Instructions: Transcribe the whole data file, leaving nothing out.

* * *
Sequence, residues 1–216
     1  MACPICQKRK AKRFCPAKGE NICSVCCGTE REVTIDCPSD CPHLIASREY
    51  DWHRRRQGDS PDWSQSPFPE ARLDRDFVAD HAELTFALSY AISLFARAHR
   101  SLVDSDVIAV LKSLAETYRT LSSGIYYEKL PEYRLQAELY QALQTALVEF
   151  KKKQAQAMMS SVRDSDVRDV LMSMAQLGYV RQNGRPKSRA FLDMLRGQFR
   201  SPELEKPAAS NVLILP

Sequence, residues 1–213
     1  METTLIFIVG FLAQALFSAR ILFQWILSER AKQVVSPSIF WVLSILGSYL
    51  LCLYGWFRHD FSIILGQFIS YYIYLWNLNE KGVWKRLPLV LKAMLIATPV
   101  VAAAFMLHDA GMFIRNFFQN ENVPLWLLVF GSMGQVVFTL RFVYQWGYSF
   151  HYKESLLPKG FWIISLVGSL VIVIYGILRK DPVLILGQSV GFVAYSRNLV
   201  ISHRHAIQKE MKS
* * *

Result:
Sequence, residues 1–216
     1  MACPICQKRK AKRFCPAKGE NICSVCCGTE REVTIDCPSD CPHLIASREY
    51  DWHRRRQGDS PDWSQSPFPE ARLDRDFVAD HAELTFALSY AISLFARAHR
   101  SLVDSDVIAV LKSLAETYRT LSSGIYYEKL PEYRLQAELY QALQTALVEF
   151  KKKQAQAMMS SVRDSDVRDV LMSMAQLGYV RQNGRPKSRA FLDMLRGQFR
   201  SPELEKPAAS NVLILP

Sequence, residues 1–213
     1  METTLIFIVG FLAQALFSAR ILFQWILSER AKQVVSPSIF WVLSILGSYL
    51  LCLYGWFRHD FSIILGQFIS YYIYLWNLNE KGVWKRLPLV LKAMLIATPV
   101  VAAAFMLHDA GMFIRNFFQN ENVPLWLLVF GSMGQVVFTL RFVYQWGYSF
   151  HYKESLLPKG FWIISLVGSL VIVIYGILRK DPVLILGQSV GFVAYSRNLV
   201  ISHRHAIQKE MKS